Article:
ST. LOUIS — Happy Birthday to one of a kind.

Can you believe Mike Shannon turns 80 years old today?

Happy Birthday, Mike!

For those of us of a certain age that can remember when Mike Shannon was a Cardinals player, it’s a little hard to imagine.  But when you stop for a minute and think, no matter how old you might be Mike Shannon has always been there.

We’re going to give Mike a video birthday card on July 17 at 7 p.m. on 5 On Your Side.  

In the meantime, let’s touch on some things that maybe you don’t know about Mike Shannon. You’ll get more on Wednesday night, but I’ll touch on a big one right now.

Did you know Mike Shannon was one of this area’s greatest multi-sport stars ever?

Mike played football and basketball in addition to baseball at CBC. Ok, lots of guys do that – but do they excel in all three?

In baseball, Shannon was good enough to get offers to play major league baseball once he graduated. Ultimately, that’s the road he chose but he turned those initial offers down. Back then, MLB had a rule that if your bonus was more than $10,000 you had to spend your first two years on the team’s big league roster – the term they used was “bonus baby.”  As you can imagine, there weren’t many eighteen- year-olds who could do that and go on to a productive career. Still, you can go out to CBC’s baseball field and see Shannon and his No. 18 in a place of honor.

As a basketball player the 6’3 Shannon played center for the Cadets – by his own admission, he was a “driving center”   – “They didn’t make ‘em then and they don’t make ‘em now,” Mike told Frank Cusumano. Yet in one playoff game, Shannon shot 17-for-19 in a tournament game.  As a senior he was named the area’s Player of the Year.

Not bad, huh?

In football he led CBC to an undefeated season as a senior. He was the Player of the Year then, too. Can you name any prep athlete in this area to be both the best football player and the best basketball player – in the same year? Good luck coming up with an answer.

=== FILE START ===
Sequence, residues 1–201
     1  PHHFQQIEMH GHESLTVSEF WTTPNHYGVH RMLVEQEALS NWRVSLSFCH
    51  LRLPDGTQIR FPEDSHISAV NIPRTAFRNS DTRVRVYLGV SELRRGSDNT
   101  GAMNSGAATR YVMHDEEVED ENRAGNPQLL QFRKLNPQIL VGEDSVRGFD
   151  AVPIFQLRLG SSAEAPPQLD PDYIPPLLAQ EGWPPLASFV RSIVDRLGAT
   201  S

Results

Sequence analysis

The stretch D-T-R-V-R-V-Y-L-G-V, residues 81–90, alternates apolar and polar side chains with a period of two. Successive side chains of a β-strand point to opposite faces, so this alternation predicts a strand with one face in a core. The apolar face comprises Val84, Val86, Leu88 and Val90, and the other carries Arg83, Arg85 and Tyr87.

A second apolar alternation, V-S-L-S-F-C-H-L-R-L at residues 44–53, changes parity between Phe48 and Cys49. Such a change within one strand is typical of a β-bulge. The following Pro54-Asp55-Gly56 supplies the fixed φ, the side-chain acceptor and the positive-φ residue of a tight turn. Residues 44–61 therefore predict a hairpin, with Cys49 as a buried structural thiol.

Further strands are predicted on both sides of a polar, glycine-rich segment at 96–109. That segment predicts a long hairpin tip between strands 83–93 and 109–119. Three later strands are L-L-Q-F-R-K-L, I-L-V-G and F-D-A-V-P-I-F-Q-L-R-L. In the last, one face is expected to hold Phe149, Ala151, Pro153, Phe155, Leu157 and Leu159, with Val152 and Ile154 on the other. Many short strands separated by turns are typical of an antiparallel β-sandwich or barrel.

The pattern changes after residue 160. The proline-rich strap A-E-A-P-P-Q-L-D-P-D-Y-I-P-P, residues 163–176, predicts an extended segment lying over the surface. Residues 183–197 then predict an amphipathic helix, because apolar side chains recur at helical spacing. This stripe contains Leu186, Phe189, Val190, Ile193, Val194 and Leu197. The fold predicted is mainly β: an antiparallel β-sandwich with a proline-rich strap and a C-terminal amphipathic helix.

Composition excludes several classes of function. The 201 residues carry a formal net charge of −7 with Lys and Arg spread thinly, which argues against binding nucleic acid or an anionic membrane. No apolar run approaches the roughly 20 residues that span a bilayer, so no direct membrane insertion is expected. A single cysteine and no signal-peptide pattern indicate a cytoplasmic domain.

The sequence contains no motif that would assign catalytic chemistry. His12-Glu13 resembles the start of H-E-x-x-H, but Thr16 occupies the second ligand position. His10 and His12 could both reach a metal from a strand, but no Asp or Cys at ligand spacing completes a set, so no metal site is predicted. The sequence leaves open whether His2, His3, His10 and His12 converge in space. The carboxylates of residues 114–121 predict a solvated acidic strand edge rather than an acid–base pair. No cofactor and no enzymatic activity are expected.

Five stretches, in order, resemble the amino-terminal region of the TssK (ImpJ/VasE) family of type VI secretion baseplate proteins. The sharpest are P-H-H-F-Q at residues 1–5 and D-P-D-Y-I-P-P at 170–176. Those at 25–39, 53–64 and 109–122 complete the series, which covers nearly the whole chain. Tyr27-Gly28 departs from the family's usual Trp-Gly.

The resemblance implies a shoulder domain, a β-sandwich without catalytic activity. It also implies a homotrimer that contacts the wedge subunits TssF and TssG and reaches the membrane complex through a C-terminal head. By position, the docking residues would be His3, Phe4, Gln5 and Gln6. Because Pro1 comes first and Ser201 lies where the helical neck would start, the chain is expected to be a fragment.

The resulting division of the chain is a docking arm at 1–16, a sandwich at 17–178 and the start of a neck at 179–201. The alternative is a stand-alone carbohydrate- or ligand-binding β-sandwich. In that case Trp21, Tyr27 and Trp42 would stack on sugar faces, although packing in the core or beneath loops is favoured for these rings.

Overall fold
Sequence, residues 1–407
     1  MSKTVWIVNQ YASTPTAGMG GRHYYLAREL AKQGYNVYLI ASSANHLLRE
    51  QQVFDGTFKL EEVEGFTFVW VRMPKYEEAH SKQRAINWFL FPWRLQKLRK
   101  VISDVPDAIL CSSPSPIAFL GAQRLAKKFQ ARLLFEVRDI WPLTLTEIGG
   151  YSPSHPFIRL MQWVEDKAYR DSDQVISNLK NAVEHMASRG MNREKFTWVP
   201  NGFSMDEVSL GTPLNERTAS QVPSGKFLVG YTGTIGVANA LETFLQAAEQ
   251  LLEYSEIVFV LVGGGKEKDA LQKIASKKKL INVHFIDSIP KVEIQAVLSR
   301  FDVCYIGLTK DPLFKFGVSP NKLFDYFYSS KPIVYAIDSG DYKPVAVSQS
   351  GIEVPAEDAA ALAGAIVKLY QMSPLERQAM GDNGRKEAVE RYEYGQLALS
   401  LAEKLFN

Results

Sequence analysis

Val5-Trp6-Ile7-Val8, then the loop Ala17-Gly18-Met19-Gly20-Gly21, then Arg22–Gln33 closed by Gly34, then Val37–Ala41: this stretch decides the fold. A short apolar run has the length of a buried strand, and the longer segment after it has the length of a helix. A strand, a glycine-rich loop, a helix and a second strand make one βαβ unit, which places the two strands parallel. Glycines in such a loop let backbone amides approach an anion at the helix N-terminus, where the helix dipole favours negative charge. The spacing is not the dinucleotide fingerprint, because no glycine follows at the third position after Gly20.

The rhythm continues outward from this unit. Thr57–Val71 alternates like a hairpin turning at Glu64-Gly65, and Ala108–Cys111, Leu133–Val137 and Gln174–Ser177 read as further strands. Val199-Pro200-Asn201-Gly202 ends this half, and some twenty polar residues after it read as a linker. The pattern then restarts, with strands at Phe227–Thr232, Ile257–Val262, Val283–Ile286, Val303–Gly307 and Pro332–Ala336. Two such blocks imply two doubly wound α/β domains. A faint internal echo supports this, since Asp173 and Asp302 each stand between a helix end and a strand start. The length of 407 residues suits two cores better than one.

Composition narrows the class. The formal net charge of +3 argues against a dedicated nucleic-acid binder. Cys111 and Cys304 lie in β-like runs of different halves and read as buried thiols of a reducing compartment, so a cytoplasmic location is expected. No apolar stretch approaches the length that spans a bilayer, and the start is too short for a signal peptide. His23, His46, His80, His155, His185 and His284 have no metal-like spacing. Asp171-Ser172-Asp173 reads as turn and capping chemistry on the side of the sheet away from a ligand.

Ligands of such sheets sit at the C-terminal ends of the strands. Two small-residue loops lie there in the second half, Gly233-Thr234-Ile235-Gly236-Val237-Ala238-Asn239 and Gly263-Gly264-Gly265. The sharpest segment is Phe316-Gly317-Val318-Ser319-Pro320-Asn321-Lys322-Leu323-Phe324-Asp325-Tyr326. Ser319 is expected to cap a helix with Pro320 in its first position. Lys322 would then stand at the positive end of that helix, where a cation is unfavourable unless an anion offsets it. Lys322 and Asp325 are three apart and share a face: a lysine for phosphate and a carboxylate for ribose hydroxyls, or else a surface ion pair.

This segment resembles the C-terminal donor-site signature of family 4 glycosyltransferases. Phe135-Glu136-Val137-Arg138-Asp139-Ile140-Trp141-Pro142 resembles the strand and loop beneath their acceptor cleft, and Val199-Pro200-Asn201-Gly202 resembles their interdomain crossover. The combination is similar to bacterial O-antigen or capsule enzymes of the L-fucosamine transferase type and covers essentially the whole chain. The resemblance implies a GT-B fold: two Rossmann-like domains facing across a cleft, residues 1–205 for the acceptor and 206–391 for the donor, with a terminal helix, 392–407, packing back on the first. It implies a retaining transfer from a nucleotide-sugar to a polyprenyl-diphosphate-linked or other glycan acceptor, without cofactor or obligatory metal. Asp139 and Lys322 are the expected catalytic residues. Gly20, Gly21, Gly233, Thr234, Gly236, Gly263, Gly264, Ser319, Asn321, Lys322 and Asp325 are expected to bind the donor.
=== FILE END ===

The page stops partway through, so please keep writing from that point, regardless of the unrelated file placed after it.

Football was the direction he chose after high school. He headed to Columbia to play for the Tigers. Back in 1957 a freshman couldn’t play varsity and so he quarterbacked the freshman team and his talent had varsity coach Frank Broyles drooling. It wasn’t enough to keep Broyles around – Arkansas lured him away – but before he left (and for years after) Broyles told anyone who asked that Mike Shannon could win the Heisman Trophy; he was that good.

High praise, indeed. Shannon said he was thinking of leaving Mizzou himself and transferring to Southern California, but it wasn’t because he wasn’t getting any love from the coach who was hired to take Broyles’s place, Dan Devine.  Devine told Whitey Herzog years afterward that he also felt Shannon could have won the Heisman.

Stop and think about that for a moment. Mizzou with a Heisman Trophy winner.

It’s not hyperbole, if you check the records.  Had Shannon stayed, as a senior he would have been the quarterback on a team that ended up 10-1, losing only to Kansas. (That loss is still a sore point – the Jayhawks had to forfeit that game when it was discovered star running back Bert Coan was ineligible, so in the eyes of Mizzou and the Big Eight Conference, Mizzou actually went unbeaten and could have been national champions. The sore point comes from Kansas and the NCAA still viewing the 23-7 KU win as just that. Wait – inconsistencies by the NCAA? Get outta here.) The Tigers did go on to win the Orange Bowl, beating Navy and the actual Heisman winner that year, running back Joe Bellino. The Mizzou quarterback in that game, Ron Taylor, completed one of six passes, and he only threw for 302 yards for the season.  Plug Shannon in that spot and…well, one can only wonder.

In the meantime, Major League Baseball changed their bonus rules in the spring of 1958. Teams could sign players for any sum without restriction.  The Cardinals called Shannon and asked him to come and work out at Sportsman’s Park. As Mike tells it, he took batting practice against another phenom, 17-year-old lefthander Ray Sadecki. Shannon did well enough that the Cardinals offered him $50,000 to leave school and become a Cardinal.

Which he did, and 61 years later he’s still a Cardinal.

COMING UP TOMORROW:  Mike Shannon’s brush with death